The March Visa Bulletin is one of the most widely circulated monthly visa guides. It was first published in August and has been out long enough for most of us to have caught up with its contents. For most people, however, March comes as a surprise. There are a number of reasons for this, but whatever the reason, it has caused a lot of problems for travelers trying to get their hands on March visas. Here are some of them.
The initial March Visa Bulletin had the wrong final action dates. While it included detailed information on when to apply, it also listed the final date for departure and arrival for six countries: India, Malaysia, Singapore, Thailand, Philippines, and China. While everyone knows when these six countries will start their annual semesters, none of us were aware that they would start running their admissions by the end of March, and we're all still waiting for the official date. This should have been mentioned in the March Visa Bulletin, but it wasn't.
When the March Visa Bulletin came out, everyone was confused. There were dates set for major deadlines for submission of visa applications and for departure from the United Kingdom, and none of the dates had anything to do with the status of the UK immigration system. These two processes are entirely separate and are not affected by any change in the UK immigration system. As far as the status of the indefinite stay visa application process is concerned, March isn't going to affect it much either. That said, there are some dates which may affect the processing of other types of non-immigrant visa applications:
The first thing that any person reading the March Visa Bulletin needs to understand is that the system doesn't use a priority date. In fact, the system uses a set number of date from February which is used to determine the date that new visa applications need to be submitted. Each country has a different priority date, and visa applications must be submitted on or before that date in order to be approved. This is actually the second most important point in the whole set of February commitments, because the UK immigration system does rely on the ability of British citizens to leave and return to the country.
At the same time, the February 2021 visa bulletin also gives information about the implementation of the third phase of the Immigration Bill. The third phase is the “ework review” stage, and it begins on February 21st. Any work that the Home Office does on this date will be used to gauge the success rate of the initial introduced legislative changes. These results will be published alongside the final action dates chart. Every department is required to submit reports on their progress at these dates, and if they are unable to do so, then progress will be considered to be adversely affected.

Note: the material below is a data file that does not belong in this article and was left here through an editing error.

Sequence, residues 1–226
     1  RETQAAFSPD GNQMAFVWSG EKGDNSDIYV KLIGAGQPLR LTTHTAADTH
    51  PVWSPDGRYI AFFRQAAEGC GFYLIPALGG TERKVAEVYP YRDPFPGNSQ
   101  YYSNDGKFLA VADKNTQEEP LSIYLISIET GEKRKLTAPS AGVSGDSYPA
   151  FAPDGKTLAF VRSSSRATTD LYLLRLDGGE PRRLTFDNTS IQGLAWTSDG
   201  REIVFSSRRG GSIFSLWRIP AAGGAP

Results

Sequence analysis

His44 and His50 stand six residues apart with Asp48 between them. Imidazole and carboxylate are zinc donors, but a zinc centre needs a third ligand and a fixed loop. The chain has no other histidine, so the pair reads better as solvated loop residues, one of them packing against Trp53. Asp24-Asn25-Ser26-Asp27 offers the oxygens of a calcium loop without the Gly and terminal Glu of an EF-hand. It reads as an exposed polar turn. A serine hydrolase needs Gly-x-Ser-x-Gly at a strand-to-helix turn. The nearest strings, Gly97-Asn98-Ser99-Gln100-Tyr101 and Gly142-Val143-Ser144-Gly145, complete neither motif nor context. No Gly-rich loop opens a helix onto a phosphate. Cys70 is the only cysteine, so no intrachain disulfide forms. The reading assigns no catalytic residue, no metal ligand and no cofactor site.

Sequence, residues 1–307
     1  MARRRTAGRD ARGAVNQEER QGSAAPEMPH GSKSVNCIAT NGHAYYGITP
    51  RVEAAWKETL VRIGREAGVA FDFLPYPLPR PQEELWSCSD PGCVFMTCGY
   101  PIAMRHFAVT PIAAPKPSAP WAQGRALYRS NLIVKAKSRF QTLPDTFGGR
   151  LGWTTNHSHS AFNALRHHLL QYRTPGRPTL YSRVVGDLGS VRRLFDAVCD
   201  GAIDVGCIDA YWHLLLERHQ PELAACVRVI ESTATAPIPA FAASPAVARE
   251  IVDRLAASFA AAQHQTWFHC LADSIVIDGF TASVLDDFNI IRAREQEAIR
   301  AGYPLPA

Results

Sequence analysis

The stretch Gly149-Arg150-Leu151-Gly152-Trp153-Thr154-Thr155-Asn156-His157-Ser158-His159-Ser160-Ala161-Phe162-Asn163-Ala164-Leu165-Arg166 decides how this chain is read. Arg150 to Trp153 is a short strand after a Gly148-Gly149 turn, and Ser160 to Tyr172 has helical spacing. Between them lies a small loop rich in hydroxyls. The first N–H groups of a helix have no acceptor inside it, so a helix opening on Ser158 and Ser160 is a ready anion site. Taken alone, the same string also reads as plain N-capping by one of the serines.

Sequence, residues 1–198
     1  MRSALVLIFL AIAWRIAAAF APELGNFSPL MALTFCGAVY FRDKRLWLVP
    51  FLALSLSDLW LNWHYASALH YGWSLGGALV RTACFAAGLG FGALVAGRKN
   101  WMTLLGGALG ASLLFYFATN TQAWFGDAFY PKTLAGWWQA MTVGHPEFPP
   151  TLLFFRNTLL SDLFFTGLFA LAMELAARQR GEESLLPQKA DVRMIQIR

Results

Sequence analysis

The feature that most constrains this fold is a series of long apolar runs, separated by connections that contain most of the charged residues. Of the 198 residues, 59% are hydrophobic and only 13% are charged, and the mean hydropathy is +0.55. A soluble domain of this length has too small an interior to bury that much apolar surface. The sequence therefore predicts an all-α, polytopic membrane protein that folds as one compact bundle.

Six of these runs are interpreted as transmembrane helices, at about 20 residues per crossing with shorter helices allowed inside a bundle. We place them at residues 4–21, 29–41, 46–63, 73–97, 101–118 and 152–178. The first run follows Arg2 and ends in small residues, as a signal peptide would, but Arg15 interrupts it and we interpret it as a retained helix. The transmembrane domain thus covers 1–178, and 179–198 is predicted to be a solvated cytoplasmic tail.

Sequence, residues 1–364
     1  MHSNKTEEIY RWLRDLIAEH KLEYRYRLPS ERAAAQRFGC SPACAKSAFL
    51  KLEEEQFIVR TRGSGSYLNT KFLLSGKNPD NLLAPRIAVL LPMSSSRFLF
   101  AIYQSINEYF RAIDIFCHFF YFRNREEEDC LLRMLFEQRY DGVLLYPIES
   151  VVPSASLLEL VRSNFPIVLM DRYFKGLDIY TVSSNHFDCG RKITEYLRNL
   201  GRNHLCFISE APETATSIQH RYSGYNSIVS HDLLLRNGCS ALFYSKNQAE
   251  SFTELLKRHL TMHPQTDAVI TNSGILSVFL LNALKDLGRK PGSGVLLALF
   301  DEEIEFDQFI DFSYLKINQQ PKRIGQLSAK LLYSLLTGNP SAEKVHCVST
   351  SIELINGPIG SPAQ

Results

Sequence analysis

The February visa changes don't just affect the United Kingdom's immigration system. The United States government also uses these charts as a means of indicating the progress of their green card application process. The United States government began publishing these graphs for their first wave of adjustment policy back in 2021. The original design of the graph is shown below. For every five hundred and twenty points on the graph, there will be a corresponding visa number use date and green card approval date.
As you can see, the two weeks schedule was adjusted based on the performance of the United Kingdom's work culture, as well as the requirements of the United Kingdom immigration system. The United States government released their own March visa bulletin, but compared to the United Kingdom, it seems that the United States was successful in terms of adjusting their policies. The United Kingdom released their own projections, but they seem to be too optimistic. In fact, the United Kingdom's March visa bulletin projects that over four thousand permanent residents will be moved forward into the United Kingdom in the two weeks period. This would make the United Kingdom the largest single source of immigrants in the last ten years.
When comparing the United Kingdom's March visa Bulletin to the United States government's own estimates, it appears to me that the United States was successful in terms of adjusting their laws, as well as their green card processing requirements. However, both countries share the same immigration system, so comparing their projections to each other would not be completely accurate. It looks like the United Kingdom underestimated how many people would enter the United Kingdom, while the United States underestimated their ability to adjust their requirements. Based on these two different estimates, the United Kingdom should experience a lot more immigration, while the United States will experience much less. Both countries will experience their respective populations increase at about the same rate, but the United Kingdom may experience slightly higher growth than the United States.
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